Chrysler was able to secure new means of financing, which allows the automaker to pay off its government obligations a full six years ahead of the original payment schedule. While this new financing still involves debts, it saves Chrysler an estimated $350 million per year in interest. This move also allows Chrysler to remain liquid, with more than $10 billion in assets ready to roll.
Under the direction of the U.S. government, Chrysler partnered up with Fiat, and the goal was to bring smaller, more fuel-efficient vehicles to the states. Yet as an opinion piece in The Detroit News sagely reminds us, it wasn't really the smaller cars that helped Chrysler, but the newly refreshed sport utility vehicles. The all-new Dodge Durango and Jeep Grand Cherokee models helped push sales up 17 percent in 2010.
Regardless of how they got there, this move should serve to instill confidence in the U.S. car-buying public. Chrysler continues to add new or redesigned vehicles to its lineup and has a strong media campaign behind those vehicles. Will high gas prices slow the positive momentum that Chrysler has built up, or is this the chance for the Fiat portion of the relationship to step up and shine? Sound off in Comments, and check out the full press release posted after the jump.
More than six years ahead of schedule, Chrysler Group fulfills promise to taxpayers and repays original government loans totaling $6.7 billion, in addition to $1.8 billion of interest and other consideration
Intervention by U.S. and Canadian governments and strategic alliance with Fiat leads to 16 all-new or significantly refreshed vehicles currently in dealerships; more than $3 billion in facility upgrades; and increased employment with the hiring of 6,000 Chrysler Group employees
Company's return to profitability and double-digit worldwide sales increases show new product lineup gaining momentum in marketplace
May 24, 2011 , Auburn Hills, Mich. -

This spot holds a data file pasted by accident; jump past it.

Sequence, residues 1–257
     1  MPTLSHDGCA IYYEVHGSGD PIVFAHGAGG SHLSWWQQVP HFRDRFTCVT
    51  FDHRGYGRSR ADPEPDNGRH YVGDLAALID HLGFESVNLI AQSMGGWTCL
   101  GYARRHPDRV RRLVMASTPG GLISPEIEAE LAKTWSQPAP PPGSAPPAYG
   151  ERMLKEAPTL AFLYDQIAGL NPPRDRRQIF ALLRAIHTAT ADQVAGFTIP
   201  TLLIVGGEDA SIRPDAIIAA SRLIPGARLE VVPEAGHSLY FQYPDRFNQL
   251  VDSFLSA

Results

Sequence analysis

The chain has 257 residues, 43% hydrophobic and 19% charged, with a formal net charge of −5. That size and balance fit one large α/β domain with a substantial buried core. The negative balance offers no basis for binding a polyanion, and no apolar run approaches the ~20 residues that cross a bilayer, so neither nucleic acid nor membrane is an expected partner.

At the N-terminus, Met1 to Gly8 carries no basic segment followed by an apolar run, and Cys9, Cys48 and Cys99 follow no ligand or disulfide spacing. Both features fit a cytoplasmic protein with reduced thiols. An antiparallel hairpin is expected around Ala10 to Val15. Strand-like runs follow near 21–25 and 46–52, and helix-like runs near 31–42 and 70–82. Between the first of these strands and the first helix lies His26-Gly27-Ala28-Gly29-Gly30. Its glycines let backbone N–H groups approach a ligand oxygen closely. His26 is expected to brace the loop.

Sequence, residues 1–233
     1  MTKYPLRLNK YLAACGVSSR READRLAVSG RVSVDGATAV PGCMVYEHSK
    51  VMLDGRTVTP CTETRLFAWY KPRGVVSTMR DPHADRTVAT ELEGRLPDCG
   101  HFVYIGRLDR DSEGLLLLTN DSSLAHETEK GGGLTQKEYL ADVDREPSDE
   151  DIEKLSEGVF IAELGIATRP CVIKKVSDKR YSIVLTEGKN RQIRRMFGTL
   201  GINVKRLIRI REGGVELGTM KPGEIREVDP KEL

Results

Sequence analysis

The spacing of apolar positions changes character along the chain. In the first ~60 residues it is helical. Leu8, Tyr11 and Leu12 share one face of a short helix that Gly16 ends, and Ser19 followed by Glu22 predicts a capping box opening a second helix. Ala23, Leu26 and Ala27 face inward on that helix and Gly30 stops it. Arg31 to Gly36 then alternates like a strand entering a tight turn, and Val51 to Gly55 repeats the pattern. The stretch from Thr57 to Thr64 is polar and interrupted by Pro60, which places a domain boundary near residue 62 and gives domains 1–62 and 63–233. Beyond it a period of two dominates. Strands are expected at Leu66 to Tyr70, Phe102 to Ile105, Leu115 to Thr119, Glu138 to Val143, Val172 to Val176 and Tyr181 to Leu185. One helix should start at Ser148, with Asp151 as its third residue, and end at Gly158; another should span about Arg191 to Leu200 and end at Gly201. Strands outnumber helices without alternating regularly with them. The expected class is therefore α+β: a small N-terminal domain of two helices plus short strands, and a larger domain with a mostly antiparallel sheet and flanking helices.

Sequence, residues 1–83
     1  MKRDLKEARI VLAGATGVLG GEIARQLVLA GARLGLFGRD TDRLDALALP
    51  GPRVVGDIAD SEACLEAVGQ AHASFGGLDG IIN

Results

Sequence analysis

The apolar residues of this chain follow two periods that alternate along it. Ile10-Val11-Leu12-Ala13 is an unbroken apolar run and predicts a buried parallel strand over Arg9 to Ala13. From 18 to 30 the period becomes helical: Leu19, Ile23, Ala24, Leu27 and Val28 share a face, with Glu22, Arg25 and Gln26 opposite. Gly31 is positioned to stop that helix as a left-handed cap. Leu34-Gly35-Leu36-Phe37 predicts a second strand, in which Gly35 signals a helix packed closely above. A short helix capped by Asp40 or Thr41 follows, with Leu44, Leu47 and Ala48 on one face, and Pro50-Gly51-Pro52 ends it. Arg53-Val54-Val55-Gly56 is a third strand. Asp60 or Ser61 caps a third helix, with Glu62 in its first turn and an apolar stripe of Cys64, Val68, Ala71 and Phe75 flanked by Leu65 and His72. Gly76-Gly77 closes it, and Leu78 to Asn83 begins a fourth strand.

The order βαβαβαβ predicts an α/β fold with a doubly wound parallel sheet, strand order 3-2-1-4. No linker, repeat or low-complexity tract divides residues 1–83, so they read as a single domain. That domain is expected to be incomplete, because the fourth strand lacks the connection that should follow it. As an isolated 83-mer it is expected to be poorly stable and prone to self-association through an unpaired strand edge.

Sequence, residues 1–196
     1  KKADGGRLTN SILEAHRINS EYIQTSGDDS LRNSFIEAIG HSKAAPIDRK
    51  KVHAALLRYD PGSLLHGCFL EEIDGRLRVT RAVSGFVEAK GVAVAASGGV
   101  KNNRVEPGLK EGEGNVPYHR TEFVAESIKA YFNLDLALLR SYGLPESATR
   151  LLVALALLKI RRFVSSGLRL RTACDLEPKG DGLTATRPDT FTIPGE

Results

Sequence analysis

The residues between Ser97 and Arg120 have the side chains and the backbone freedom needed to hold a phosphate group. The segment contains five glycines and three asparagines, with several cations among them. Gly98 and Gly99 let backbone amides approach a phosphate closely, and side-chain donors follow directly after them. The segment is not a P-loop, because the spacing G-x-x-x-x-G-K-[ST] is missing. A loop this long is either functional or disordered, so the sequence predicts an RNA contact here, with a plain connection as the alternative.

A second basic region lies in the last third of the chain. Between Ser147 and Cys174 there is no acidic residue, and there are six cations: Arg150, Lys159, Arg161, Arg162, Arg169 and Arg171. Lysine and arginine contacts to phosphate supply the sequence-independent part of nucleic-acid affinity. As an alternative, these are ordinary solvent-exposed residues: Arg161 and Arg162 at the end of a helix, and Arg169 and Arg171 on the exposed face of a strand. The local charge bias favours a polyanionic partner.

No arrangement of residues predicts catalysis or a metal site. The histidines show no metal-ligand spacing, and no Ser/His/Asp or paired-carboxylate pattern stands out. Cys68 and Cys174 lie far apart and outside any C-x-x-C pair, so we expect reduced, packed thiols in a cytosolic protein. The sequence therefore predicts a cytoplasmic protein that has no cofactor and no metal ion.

Chrysler Group LLC today announced the repayment of $7.6 billion in outstanding U.S. and Canadian government loans following the completion of new refinancing transactions. The original loans were repaid in full, more than six years ahead of schedule, along with the payment of accrued interest and additional consideration.
Today, the Company made payments of $5.9 billion to the U.S. Treasury (UST) and $1.7 billion to Export Development Canada (EDC) to retire the loans granted when Chrysler Group began operations in June 2009. EDC is the holding company through which the Canadian federal and Ontario provincial governments extended loans to Chrysler Group.
The Company borrowed $5.1 billion from the UST and $1.6 billion from the Canadian governments in June 2009 ($2.6 billion from the original loan facilities was undrawn and the facilities will be canceled). In total, Chrysler Group has paid the UST $6.5 billion and the EDC $2.0 billion, including $1.8 billion in interest and additional consideration.
"Less than two years ago, we made a commitment to repay the U.S. and Canadian taxpayers in full and today we made good on that promise," said Sergio Marchionne, Chief Executive Officer, Chrysler Group LLC. "The loans gave us a rare second chance to demonstrate what the people of this Company can deliver and we owe a debt of gratitude to those whose intervention allowed Chrysler Group to re-establish itself as a strong and viable carmaker.
"Paying back the loans, along with the financial community's investment in our refinancing packages, marks another step in the Company returning as a competitive force in the global automotive industry."
Chrysler Group confirmed the completion of new financing transactions consisting of a term loan totaling $3.0 billion, debt securities totaling $3.2 billion and a revolving credit facility of $1.3 billion. The new financing will save Chrysler Group an estimated $350 million a year in interest expenses.
The Company used the net proceeds from the term loan and bonds, together with $1.3 billion from an equity call option exercised by Fiat for an incremental 16 percent fully diluted ownership interest, to repay the government loans. The revolving credit facility remains undrawn.
Chrysler Group continues to have more than $10 billion in liquidity after the refinancing and loan payoffs, which includes the undrawn revolving credit facility.
"Everyone in the extended Chrysler Group family, from employees to union partners to dealers and suppliers, have worked tirelessly to deliver on our promises and to win back public trust in the Company and our products," said Marchionne. "There is more work to be done as we remain focused on fulfilling the goals outlined in our 2010-2014 business plan."
Goldman, Sachs Co. advised Chrysler Group on structuring the financings and Evercore Partners advised the Company's Finance Committee.